David climbing in the semi-final of the Boulder World Cup in Munich 2017 – (c) Frank Brandenburger
In this article (in German, published in Süddeutsche Zeitung) David argues for a reform of the controversial doping control system ADAMS. When translating the text into English here, David shortened it in some parts and added more detailed information in some other places.
The controls (urine and blood tests) in ADAMS can be carried out unannounced daily between 6 a.m. and 11 p.m. There ist not enough consideration given to personal circumstances, although the National Anti-Doping Agency in Germany (NADA) must be informed months in advance of David’s daily availability. David has also been announced that Weiterlesen →
Recently we’ve worked with our shoe sponsor Scarpa on a little film showing us training in and around our home base Zurich with our coach Urs Stöcker. We are filmed while training together in the gym, on a local rock project in Amden, Urs is interviewed and we share our personal thoughts about the world of climbing. Well, there is not much more to say about this but to hit that play button underneath to have an own look onto this. We hope You like it and don’t forget to activate the English subtitles in the player settings. Leave a comment and let us know what You think about it Cheers David and Ruben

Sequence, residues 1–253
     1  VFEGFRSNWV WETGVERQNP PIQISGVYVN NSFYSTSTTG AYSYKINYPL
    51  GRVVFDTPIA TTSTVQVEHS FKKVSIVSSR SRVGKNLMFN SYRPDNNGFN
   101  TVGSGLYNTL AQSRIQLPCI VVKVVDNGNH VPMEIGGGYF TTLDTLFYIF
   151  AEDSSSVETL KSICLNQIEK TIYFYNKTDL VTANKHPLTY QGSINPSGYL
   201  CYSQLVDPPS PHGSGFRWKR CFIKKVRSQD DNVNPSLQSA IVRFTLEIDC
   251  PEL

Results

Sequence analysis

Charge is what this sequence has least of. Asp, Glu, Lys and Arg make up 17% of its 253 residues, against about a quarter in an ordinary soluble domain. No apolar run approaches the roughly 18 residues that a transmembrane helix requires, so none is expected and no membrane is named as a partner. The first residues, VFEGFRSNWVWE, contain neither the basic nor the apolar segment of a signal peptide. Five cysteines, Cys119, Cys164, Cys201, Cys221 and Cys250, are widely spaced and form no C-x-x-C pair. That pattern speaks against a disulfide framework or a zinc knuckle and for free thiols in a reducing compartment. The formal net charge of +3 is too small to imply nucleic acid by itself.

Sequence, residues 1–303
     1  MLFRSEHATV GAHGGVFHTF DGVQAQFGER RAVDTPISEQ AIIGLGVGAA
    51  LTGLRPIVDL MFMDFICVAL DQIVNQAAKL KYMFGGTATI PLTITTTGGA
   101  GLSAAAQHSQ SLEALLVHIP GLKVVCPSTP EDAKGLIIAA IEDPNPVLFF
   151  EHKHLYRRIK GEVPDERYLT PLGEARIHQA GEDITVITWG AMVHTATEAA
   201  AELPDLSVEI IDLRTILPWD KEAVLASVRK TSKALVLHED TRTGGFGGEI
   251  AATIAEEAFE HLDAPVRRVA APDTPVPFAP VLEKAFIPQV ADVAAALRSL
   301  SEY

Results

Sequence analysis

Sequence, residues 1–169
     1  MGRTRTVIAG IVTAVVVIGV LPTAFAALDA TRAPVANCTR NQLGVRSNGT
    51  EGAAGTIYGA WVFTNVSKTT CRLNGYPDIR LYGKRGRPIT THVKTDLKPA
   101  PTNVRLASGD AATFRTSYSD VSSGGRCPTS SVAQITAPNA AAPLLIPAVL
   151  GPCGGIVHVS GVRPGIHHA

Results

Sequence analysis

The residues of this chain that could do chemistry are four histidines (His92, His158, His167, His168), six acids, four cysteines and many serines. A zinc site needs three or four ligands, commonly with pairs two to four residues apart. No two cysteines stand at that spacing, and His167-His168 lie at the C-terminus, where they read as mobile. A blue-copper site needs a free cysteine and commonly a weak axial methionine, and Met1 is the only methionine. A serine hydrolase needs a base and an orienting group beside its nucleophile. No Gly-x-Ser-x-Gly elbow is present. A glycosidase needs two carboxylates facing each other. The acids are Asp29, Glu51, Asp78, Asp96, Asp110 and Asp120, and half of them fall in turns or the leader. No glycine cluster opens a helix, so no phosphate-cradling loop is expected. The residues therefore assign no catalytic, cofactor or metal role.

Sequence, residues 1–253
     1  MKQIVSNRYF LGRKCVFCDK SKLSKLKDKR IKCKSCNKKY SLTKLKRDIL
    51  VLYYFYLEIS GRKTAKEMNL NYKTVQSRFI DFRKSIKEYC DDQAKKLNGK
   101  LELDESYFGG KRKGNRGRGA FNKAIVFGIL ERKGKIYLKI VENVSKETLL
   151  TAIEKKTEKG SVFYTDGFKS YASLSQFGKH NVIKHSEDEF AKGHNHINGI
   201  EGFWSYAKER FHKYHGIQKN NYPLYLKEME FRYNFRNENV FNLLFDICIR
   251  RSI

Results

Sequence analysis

David learning in the so called “Lichthof” in the main building of the university of Zurich (c) Ruben Firnenburg
We’ve contributed our first article to the thecircuitclimbing.com below which is run by Eddie Fowke. He is a well-known and very friendly photographer and writer in the climbing scene and travels to almost every IFSC World Cup around the world. He’s a friend to every athlete in the circuit of rock and competition climbing. We are happy to work with him more often from now on!
If you like the article, spread the word so that everyone can benefit from our thoughts about the dual task of combining performance climbing and education in life. There are more articles about more topics to come!
Anyone who wants to study psychology at the University of Zurich (UZH), has to undergo a packed program with a year-round average of 40 hours per week or sometimes even 60-70 hours during the lecture period – and this within the confines of a public university where there is neither integration nor support of the sports system or athlete’s commitments. This sets a pretty tough schedule for athletes like David where competitive sport training often depends on free space and individual design of the study course, and where training starts to amount to a full time job. “In fact the first year at the UZH in psychology is a screening year. Virtually, they want to clear out every second student. That’s what here is called the assessment year“, David explains. Weiterlesen →